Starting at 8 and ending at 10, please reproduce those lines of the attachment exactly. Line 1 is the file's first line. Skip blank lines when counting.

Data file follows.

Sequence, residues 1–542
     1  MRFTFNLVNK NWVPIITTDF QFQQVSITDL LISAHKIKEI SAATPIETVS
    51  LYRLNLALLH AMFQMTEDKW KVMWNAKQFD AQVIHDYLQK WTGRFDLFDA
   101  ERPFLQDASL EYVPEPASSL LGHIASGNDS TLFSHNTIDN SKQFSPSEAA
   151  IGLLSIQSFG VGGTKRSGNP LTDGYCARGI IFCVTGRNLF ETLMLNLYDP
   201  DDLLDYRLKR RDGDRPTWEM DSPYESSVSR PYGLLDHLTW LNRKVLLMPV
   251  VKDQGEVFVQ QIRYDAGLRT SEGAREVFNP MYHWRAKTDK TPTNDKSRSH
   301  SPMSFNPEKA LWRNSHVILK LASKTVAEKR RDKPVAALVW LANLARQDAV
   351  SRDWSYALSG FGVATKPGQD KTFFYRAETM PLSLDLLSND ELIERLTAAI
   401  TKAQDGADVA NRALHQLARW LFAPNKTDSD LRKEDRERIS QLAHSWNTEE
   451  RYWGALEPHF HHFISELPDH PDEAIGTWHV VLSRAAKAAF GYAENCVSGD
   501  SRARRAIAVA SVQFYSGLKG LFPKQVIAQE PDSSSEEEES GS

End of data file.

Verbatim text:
   301  SPMSFNPEKA LWRNSHVILK LASKTVAEKR RDKPVAALVW LANLARQDAV
   351  SRDWSYALSG FGVATKPGQD KTFFYRAETM PLSLDLLSND ELIERLTAAI
   401  TKAQDGADVA NRALHQLARW LFAPNKTDSD LRKEDRERIS QLAHSWNTEE